Increasing numbers of women are opting for ‘maximal surgery’ which implies removal not only of the ipsilateral breast but also the contralateral breast (even when otherwise suitable for breast conservation surgery for a unilateral breast cancer). In some instances contralateral prophylactic mastectomy (CPM) can be justified, such as for patients with carriage of BRCA gene mutations, but otherwise there is no widespread evidence to support CPM. In recent years there have been divergent trends—some women seek ‘maximal surgery’ whilst others prefer minimal surgical intervention with a desperate desire to preserve as much breast tissue as possible and avoid even unilateral mastectomy. Rates of CPM increased 150% between 1998 and 2003 (4% to 11%) and continue to do so with a doubling of CPM rates in the past 10 years (12). Furthermore, total mastectomy rates are decreasing in the USA but rates of breast conserving surgery have stabilized (13). With more women choosing ‘maximal surgery’, unilateral mastectomy has become a less commonly performed operation, but unilateral mastectomy rates are driving increased CPM rates. These trends are age dependent with dramatic increases in CPM amongst women <40 years of age (14). Nonetheless, increasing use of bilateral mastectomy is seen across all age groups, but is most pronounced for women <40 years. More women are choosing to undergo immediate breast reconstruction and requesting simultaneous CPM with breast reconstruction. The annual hazard rate for death from contralateral breast cancer has been decreasing since 1985 due to widespread use of adjuvant systemic treatment (15). Contemporaneous rates for development of contralateral breast cancer are about 0.2% per year and higher for those with BRCA mutations. Therefore rates of CPM are increasing, but paradoxically rates of contralateral breast cancer are decreasing.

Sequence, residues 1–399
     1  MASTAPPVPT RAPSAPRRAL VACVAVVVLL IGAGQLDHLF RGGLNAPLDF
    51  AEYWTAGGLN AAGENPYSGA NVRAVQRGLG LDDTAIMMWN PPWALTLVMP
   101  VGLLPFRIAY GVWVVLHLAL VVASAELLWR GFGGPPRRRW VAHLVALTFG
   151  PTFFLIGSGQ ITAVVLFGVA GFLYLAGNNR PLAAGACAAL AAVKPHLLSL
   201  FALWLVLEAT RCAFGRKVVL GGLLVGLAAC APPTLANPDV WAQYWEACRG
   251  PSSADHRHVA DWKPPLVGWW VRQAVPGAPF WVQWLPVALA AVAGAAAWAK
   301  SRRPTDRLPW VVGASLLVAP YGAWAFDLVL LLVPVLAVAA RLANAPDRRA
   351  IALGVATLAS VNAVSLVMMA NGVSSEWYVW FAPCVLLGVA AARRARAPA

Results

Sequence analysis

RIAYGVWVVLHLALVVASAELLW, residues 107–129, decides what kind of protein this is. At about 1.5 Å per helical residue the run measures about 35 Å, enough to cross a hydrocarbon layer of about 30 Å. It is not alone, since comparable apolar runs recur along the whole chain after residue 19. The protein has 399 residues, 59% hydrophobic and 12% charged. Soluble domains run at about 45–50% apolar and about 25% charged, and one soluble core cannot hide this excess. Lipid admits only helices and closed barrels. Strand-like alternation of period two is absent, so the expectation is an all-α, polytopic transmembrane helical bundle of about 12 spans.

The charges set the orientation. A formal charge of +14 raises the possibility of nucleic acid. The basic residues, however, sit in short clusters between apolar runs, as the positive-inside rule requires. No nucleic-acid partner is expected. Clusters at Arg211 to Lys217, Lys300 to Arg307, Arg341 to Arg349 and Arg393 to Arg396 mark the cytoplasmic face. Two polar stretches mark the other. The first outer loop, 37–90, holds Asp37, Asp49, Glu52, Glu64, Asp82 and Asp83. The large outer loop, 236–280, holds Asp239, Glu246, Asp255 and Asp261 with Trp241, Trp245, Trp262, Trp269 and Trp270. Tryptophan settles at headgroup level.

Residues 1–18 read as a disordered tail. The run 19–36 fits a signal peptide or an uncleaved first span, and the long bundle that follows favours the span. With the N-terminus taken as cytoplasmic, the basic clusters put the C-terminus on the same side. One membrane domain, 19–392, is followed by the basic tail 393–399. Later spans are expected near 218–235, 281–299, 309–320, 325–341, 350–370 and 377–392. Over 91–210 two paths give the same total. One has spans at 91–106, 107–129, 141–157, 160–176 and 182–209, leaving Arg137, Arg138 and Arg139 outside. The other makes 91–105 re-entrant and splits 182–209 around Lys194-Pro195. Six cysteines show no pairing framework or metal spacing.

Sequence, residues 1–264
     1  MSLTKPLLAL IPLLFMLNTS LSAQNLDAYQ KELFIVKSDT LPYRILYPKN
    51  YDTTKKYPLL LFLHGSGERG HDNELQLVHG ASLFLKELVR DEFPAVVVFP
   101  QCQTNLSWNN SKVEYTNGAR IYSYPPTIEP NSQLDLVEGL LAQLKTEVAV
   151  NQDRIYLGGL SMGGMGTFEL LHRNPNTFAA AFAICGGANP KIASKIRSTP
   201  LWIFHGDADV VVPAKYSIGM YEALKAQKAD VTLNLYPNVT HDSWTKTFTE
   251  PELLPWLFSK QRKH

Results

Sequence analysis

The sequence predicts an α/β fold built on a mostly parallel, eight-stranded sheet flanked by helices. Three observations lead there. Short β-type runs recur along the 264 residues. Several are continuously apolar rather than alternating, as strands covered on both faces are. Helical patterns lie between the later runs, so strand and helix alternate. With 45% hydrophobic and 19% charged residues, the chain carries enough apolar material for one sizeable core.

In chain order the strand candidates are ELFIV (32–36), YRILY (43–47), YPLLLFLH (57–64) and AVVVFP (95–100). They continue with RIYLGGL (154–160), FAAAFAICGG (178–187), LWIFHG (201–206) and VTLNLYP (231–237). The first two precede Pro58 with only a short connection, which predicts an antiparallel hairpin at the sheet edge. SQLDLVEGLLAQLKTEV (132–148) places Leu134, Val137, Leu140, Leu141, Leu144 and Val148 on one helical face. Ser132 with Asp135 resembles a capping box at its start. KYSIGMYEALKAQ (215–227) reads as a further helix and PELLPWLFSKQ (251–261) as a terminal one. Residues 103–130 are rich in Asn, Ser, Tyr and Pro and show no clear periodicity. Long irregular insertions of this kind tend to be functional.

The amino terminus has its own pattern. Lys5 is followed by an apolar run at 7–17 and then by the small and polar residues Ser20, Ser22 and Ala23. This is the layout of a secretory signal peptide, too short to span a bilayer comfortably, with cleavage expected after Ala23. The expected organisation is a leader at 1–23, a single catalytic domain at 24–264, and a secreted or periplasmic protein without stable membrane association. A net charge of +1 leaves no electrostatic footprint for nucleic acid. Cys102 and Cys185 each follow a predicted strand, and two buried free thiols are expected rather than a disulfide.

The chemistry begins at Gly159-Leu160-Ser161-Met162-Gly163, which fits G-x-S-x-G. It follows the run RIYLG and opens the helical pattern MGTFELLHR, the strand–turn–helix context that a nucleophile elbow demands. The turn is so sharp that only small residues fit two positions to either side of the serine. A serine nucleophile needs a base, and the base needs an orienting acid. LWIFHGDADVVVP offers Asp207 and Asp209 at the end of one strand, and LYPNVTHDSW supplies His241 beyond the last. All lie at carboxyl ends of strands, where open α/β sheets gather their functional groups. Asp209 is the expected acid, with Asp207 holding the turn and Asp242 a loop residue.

This has to some extent been prompted by improvements in the availability and cosmetic outcomes of immediate breast reconstruction. Furthermore, many women chose implant-based reconstruction and it has been suggested that a desire to have matching breasts may be a driver for increased rates of CPM (simultaneous bilateral implant-based reconstruction) (16). Interestingly, patient satisfaction with bilateral implant-based reconstruction is higher than for unilateral reconstruction. The advent of nipple-sparing forms of mastectomy improves cosmetic outcome and may further increase rates of CPM. Long term outcomes from implant-based reconstruction are excellent and this desire to have matching breasts is relevant to increased rates of CPM. However, there may be surgical reasons for recommending mastectomy in more patients due to widespread use of pre-operative MRI for assessment of potential multifocality and confirmation of tumour size in patients who are otherwise considered suitable for conventional wide local excision ab initio. The indications for pre-operative MRI remain controversial and undoubtedly this modality of investigation is over-used and may have inadvertently led to increased rates of mastectomy—perhaps unnecessarily. Several studies have now assessed the effects of pre-operative MRI on either clinical (IBTR) or surgical (rates of re-operation) endpoints. In a retrospective study, Solin and colleagues examined rates of IBTR amongst a group of 756 patients, half of whom underwent breast conserving therapy based on conventional modes of staging whilst half had additional pre-operative MRI. Rates of IBTR were similar at 8 years for patients undergoing pre-operative MRI compared with those who did not (3% versus 4%) with no differences in contralateral breast cancer, breast cancer specific survival or overall survival (17). Likewise, a similar study of pre-operative MRI found that rates of IBTR were independent of whether this investigation was carried out or not (1.8% versus 2.5%) (18). MRI is highly sensitive for detection of cancer (lower specificity) and a meta-analysis found that additional tumor foci were identified in 20% of newly diagnosed breast cancer patients (16% in the ipsilateral and 4% in the contralateral breast) (19,20). Moreover, this actually led to a change in surgical therapy in between 8% and 33% of patients which was usually a change from breast conservation surgery to mastectomy. However, many of these additional foci were not confirmed on second biopsies and the incidence of additional foci is higher than the long term rates of IBTR. Indeed, some patients forewent additional biopsies of these MRI detected lesions because of perceived delays in final surgery (which was likely to be mastectomy with immediate breast reconstruction) (21). Furthermore, the randomised Comparative Effectiveness of Magnetic Resonance Imaging (COMICE) trial failed to show that use of pre-operative MRI (dedicated breast coil) in addition to imaging with mammography and ultrasound led to any reduction in rates of re-excision for those patients undergoing pre-operative MRI (22). Furthermore, as previously emphasized, there is no evidence for any reduction in rates of IBTR from routine pre-operative MRI examination which can detect additional tumor foci. This implies that many of these additional foci have no clinical significance and will be adequately treated with adjuvant therapies such as breast radiotherapy and chemo-hormonal therapies (9). It is therefore questionable whether there is an increasing need to perform total glandular excision on the basis of pre-operative MRI findings per se (1). Additional tumor foci, especially in different quadrants of the breast should be confirmed with biopsy—guided either by ultrasound or MRI if sonographically occult. A retrospective study involving more than 5,000 patients treated at the Mayo Clinic found that women who had pre-operative MRI were more likely to undergo mastectomy than those who did not have MRI (54% versus 36%; P<0.0001) (23). Though there is no causal relationship, this study did provide evidence for a link between increased usage of MRI and increased mastectomy rates.